I’ve heard it said before: “We are human beings, not human doings.” In fact, I’ve pledged to live by that simple mantra a time or twenty.
But sometimes, my heart forgets to inform my brain of my good intentions.
That’s what had happened that morning, just after the mellow morning sun spilled into the kitchen.
The phone rang, and it was Sandy. She’s one of those rare souls in my life whose whole being seems fully directed toward the spontaneous act, the random lunch, the fly-by-the-seat-of-your-pants whim.
I let the phone ring four times before answering, because you never know what you might agree to when Sandy calls. But I answered, and sure enough, she had another idea. Could we go to the nursing home to play Bingo?
I exhaled in one long stream of air. I scrunched my noise and closed my eyes tight, like if I tightened up my face enough, I might be able to wring my brain like a dishrag. Like some good excuse would drip out of my head.
I mean, really — How could I cram another thing into the little calendar box assigned for the day? That box was already pencil-scratched clear full with all of my “to-do.”
Sandy interrupted the uncomfortable quiet space between us. “Jennifer, It’s OK, truly. You don’t have to …”
“I’m so sorry …” I muttered, and the phone went back on the cradle.
I threw my head back, staring at the ceiling for a while. Then stared back down at the calendar box, then at the ceiling, then at the little calendar box, always filling, always filling — page after calendar page, and box after box. Each box neatly framing all of my duties.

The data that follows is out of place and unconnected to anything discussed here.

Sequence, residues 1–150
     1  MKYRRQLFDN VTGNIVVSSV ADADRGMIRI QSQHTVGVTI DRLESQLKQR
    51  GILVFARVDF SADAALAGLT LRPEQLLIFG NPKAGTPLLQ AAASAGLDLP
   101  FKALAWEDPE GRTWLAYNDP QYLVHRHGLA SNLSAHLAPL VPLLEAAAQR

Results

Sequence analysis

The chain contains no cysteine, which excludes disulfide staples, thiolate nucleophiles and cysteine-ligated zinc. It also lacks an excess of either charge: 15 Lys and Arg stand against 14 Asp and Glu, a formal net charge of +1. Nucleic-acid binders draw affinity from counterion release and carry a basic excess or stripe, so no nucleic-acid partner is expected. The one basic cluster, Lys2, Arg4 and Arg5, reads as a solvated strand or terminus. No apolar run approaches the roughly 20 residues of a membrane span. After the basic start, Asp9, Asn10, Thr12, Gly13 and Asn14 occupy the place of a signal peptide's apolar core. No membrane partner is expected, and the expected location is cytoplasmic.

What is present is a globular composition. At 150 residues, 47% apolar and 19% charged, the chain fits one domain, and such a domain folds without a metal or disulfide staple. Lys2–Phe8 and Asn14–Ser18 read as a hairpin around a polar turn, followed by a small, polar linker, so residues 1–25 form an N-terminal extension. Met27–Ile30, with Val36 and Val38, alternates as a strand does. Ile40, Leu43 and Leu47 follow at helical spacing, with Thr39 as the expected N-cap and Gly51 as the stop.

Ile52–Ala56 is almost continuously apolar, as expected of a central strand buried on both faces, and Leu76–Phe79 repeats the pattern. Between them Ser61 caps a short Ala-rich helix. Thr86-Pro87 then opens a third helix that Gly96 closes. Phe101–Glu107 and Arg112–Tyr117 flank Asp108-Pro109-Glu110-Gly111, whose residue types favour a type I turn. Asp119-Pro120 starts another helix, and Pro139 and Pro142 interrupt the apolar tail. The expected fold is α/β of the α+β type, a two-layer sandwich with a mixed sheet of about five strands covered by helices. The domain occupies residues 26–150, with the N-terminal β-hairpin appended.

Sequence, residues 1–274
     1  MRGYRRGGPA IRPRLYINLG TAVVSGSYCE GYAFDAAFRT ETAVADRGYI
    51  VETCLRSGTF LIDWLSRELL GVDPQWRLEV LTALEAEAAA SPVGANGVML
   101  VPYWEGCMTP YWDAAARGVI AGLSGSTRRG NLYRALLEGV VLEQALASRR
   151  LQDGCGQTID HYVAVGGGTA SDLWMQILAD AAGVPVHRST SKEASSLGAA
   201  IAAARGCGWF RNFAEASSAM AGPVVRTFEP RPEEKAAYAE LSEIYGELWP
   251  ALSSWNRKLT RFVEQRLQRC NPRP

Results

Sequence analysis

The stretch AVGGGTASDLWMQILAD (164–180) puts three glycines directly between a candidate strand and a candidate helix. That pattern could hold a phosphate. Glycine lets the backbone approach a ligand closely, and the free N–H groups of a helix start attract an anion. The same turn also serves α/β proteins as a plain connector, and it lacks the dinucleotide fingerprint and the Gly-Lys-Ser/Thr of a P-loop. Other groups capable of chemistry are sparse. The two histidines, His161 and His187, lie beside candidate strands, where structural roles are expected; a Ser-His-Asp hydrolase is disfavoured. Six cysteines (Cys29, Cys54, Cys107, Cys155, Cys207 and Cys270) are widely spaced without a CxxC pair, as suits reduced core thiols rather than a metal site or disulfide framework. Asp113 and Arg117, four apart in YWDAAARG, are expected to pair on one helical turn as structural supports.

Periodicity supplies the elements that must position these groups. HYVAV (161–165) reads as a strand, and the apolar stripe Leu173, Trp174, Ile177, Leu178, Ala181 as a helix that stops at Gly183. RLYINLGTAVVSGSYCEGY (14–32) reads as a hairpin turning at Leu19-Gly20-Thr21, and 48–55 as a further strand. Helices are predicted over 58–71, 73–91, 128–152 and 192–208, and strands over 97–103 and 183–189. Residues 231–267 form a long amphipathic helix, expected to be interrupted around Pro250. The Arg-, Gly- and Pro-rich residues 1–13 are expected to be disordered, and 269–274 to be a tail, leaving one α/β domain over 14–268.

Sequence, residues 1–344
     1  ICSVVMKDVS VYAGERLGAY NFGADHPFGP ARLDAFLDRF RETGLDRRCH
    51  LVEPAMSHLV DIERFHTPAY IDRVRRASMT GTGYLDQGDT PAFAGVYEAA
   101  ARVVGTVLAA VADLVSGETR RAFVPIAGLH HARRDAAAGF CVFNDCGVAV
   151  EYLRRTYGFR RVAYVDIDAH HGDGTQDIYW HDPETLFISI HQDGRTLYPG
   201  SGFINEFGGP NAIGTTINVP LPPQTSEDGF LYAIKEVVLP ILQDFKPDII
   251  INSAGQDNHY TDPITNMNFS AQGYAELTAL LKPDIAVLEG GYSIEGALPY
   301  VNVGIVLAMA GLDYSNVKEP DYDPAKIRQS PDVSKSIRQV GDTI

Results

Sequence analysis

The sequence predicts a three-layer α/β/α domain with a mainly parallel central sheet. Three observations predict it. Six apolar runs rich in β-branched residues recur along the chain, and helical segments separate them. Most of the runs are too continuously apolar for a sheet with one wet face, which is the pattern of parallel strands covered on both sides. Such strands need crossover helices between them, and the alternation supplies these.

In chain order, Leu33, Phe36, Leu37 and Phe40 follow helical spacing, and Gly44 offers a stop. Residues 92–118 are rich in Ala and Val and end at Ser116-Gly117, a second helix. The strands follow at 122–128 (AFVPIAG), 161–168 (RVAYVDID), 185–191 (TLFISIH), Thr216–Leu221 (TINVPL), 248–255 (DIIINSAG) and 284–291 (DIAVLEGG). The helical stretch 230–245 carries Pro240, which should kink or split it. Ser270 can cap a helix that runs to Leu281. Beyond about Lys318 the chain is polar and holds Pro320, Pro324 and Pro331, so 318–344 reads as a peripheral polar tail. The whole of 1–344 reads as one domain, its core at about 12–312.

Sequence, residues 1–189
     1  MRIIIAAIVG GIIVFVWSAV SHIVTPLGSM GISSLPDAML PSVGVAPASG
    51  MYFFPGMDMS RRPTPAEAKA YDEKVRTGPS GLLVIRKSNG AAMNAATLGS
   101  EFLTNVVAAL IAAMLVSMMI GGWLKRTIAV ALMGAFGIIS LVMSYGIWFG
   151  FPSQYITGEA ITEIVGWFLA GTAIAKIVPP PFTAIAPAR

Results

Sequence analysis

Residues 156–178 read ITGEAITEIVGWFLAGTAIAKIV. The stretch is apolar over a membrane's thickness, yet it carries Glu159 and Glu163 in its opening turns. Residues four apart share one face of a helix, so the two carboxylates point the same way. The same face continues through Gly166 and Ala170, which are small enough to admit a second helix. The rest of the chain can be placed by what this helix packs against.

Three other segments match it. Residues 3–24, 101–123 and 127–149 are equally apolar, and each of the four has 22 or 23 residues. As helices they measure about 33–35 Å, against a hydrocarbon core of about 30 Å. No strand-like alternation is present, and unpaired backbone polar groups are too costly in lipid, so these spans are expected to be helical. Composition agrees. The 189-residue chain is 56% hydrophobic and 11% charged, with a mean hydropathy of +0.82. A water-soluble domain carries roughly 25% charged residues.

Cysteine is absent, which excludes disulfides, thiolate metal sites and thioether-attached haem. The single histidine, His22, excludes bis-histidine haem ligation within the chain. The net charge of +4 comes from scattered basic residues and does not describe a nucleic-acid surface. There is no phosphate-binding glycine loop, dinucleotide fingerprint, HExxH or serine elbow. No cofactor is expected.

As if life can be boxed in like that.
I drummed at the square with the eraser end of my pencil.
Look, how I treat life like a list of things “to-do,” instead of a “to-be” list — like this dull drumming under my super-important pencil. I am so dreadfully at risk — at risk of being a human doing, instead of human being. It’s not all bad. I mean, you can count on me to get things done. I am a planner. I meet deadlines. If I say I’m going to do something, I will.
But I also live life avoiding the spontaneous act that might derail my well-laid plans. I screen calls. I miss fun lunches with girlfriends. I wonder: how many miracles have I missed between the thin lines of all those neatly penciled boxes?
I stared up at the ceiling again. And I swear to you: It was like God was looking down at me, with His arms crossed over His burly chest, with his holy head tilted, and one eyebrow raised. I can’t say for sure, but He might have been smirking.
“Fine.” I said it out loud.
I lifted the phone off the cradle. Maybe I could go after all, I told her.
“Be there at 2 p.m.,” she said.
The room was dappled in sunlight, reflecting off wheelchair chrome and a mylar “Happy Birthday” balloon. One of the women was celebrating her 96th year on Earth. Tables were set with fake daffodils in slender white vases. I grabbed a Bingo card and found a seat by a sweet lady named Katherine.
Sandy was already there, calling Bingo numbers into the microphone.